brownish

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English[edit]

Etymology[edit]

brown +‎ -ish

Pronunciation[edit]

Adjective[edit]

brownish (comparative more brownish, superlative most brownish)

  1. Of a colour which resembles brown; somewhat brown.
    • 1902, Rudyard Kipling, "How the Leopard Got His Spots" in Just So Stories, [1]
      The Giraffe and the Zebra and the Eland and the Koodoo and the Hartebeest lived there; and they were 'sclusively sandy-yellow-brownish all over []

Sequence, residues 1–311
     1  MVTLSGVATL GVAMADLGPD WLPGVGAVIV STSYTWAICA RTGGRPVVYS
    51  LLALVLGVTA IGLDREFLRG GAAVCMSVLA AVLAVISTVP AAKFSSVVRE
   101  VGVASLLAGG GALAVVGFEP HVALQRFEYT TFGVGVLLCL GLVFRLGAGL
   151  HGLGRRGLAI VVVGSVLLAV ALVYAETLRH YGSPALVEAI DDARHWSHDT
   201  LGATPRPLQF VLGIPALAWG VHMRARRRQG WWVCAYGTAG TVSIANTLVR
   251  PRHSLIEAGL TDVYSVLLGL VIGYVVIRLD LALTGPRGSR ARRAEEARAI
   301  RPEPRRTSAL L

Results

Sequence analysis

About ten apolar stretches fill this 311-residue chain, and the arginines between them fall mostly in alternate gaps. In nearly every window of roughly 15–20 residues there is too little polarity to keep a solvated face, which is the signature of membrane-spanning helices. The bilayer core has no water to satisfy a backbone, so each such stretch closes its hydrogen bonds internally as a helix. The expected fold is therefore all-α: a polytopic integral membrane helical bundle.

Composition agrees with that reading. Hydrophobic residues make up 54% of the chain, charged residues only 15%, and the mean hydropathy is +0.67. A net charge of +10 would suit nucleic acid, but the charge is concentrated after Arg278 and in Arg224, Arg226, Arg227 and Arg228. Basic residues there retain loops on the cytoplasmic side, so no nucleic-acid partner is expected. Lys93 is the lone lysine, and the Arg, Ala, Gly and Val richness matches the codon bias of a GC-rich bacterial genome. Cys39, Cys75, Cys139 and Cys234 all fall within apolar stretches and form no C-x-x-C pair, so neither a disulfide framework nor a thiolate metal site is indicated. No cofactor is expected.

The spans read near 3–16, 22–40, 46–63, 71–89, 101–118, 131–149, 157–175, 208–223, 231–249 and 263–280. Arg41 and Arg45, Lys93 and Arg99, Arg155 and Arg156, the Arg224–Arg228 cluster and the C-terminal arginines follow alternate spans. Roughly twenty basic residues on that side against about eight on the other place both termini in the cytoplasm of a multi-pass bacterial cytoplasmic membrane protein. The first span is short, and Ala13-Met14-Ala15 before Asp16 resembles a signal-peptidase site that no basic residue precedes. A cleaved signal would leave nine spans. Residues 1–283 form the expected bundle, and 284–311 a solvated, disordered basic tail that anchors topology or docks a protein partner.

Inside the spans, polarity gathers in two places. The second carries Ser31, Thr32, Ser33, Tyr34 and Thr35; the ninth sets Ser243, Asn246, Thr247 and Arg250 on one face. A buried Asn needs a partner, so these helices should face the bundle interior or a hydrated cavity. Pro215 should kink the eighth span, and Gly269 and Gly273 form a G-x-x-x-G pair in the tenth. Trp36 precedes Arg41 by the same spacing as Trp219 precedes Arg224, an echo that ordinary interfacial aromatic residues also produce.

• 1942, Emily Carr, “Waterworks”, in The Book of Small:
      Two pumps stood side by side in our kitchen. One was for well water and one was a cistern pump—water from the former was hard and clear, from the cistern it was brownish and soft.
    • 1953, Samuel Beckett, Watt, Olympia Press:
      Watt wore, on his feet, a boot, brown in colour, and a shoe, happily of a brownish colour also.

Translations[edit]